is_empty(b)
checks the setb
, which is empty, and returnsTrue
after negating because the set is empty. We printTrue
.
Output:
False
True
In the output, the first call to is_empty(a)
returns False
because the set a
is not empty. The second call to is_empty(b)
returns True
because the set b
is empty.
Use the set()
Method to Check if Set Is Empty in Python
The set()
method initializes an empty set. So if the given set is equal to set()
, it is empty.
Basic Syntax:
my_set = set(iterable)
Parameter:
my_set
: This is the variable that will hold the resulting set.iterable
: The iterable (e.g., a list, tuple, string, etc.) that you want to convert into a set.
Unlike the len()
method, which requires explicit comparison to zero, and the bool()
method, which involves negating the Boolean result, the set()
method directly converts the set, simplifying the code and making it more readable. It provides a straightforward and elegant solution for checking the emptiness of a set in Python.
The example code below demonstrates how to check if a set is empty using Python’s set()
method.
def is_empty(a):
return a == set()
a = set("a")
b = set()
print(is_empty(a))
print(is_empty(b))
In this code, we define a function is_empty(a)
that takes a single argument a
.
This function checks if the set a
is equal to an empty set (i.e., set()
). It returns True
if the set is empty and False
if it’s not.
We then create two sets, a
and b
. Set a
contains the single element "a"
, while set b
is empty.
When we call the is_empty
function with a
and b
as arguments and print the results, here’s what happens:

is_empty(a)
checks the seta
and finds that it’s not empty because it contains one element ("a"
). It returnsFalse
, and we printFalse
. 
is_empty(b)
checks the setb
, which is empty, and returnsTrue
because the set is equal to an empty set. We printTrue
.
Output:
False
True
In the output, the first call to is_empty(a)
returns False
because the set a
is not empty. The second call to is_empty(b)
returns True
because the set b
is empty, which is equivalent to an empty set.
Use the not
Operator to Check if Set Is Empty in Python
In Python, the not
operator provides a concise and intuitive approach to checking if a set is empty. Applying the not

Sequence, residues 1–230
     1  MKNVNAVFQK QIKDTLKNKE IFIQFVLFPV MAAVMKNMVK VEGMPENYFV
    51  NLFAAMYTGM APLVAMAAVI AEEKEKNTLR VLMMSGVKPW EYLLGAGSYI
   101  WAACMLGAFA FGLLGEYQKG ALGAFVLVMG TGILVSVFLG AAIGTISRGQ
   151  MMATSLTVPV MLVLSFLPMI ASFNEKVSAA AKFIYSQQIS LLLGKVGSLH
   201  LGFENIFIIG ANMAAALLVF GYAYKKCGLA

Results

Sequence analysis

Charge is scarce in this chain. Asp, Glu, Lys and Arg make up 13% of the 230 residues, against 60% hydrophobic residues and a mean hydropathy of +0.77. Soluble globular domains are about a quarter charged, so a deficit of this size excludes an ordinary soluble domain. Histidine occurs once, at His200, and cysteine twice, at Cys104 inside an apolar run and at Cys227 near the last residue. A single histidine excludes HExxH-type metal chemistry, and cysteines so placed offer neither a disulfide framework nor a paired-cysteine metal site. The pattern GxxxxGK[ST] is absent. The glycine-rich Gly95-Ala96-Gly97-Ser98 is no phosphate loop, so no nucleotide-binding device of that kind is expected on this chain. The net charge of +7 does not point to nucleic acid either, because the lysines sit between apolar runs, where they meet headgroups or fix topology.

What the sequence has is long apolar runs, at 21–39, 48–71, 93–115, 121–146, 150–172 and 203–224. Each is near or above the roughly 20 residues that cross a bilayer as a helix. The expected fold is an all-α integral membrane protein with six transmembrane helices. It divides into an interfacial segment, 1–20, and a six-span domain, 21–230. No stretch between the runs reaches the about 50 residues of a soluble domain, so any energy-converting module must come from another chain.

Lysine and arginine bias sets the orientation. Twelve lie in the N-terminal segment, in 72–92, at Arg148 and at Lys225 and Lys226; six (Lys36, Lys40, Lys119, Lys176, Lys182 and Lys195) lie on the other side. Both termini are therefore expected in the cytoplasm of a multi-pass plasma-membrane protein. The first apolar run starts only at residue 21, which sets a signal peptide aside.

operator to a set evaluates to True
if the set is empty and False
if it contains any elements.
This method offers a direct way to determine the emptiness of a set without requiring additional function calls or comparisons.
When comparing the not
operator to the previously discussed len()
, bool()
, and set()
methods, it stands out as a simple and straightforward solution. It avoids the need for explicit length checks, function invocations, or set conversions.
The not
operator provides a concise and elegant way to check the emptiness of a set in Python. The example code below demonstrates how to check if a set is empty using Python’s not
operator.
def is_empty(a):
return not a
a = set("a")
b = set()
print(is_empty(a))
print(is_empty(b))
In this code, we define a function is_empty(a)
that takes a single argument a
.
This function checks if the set a
is empty by directly evaluating it as a Boolean expression. It returns True
if the set is empty (falsy) and False
if it’s not.
We then create two sets, a
and b
. Set a
contains the single element "a"
, while set b
is empty.
When we call the is_empty
function with a
and b
as arguments and print the results, here’s what happens:

is_empty(a)
checks the seta
and finds that it’s not empty because it contains one element ("a"
). It returnsFalse
after negating the Boolean expression, and we printFalse
. 
is_empty(b)
checks the setb
, which is empty, and returnsTrue
after negating the Boolean expression because the set is empty. We printTrue
.
Output:
False
True
In the output, the first call to is_empty(a)
returns False
because the set a
is not empty. The second call to is_empty(b)
returns True
because the set b
is empty.
Conclusion
In conclusion, we have explored four different methods to check if a set is empty in Python: len()
, bool()
, set()
, and the not
operator. Each method has its advantages and disadvantages, and the task’s specific requirements determine the method chosen.
The len()
method offers a straightforward approach but requires an explicit comparison to zero. It is suitable when there is a need to know the exact size of the set and check for emptiness.
The bool()
method provides a concise way to check emptiness directly, but it involves negating the Boolean result. It is suitable when the sole focus is determining emptiness without needing the set’s size.
The set()
method simplifies the code by comparing it to an empty set, but it may create an unnecessary duplicate set object. It is suitable when readability and simplicity are the primary concerns.
The not
operator offers a concise and intuitive approach but directly converts the set to its Boolean equivalent. It is suitable when emphasizing a concise and direct check for emptiness.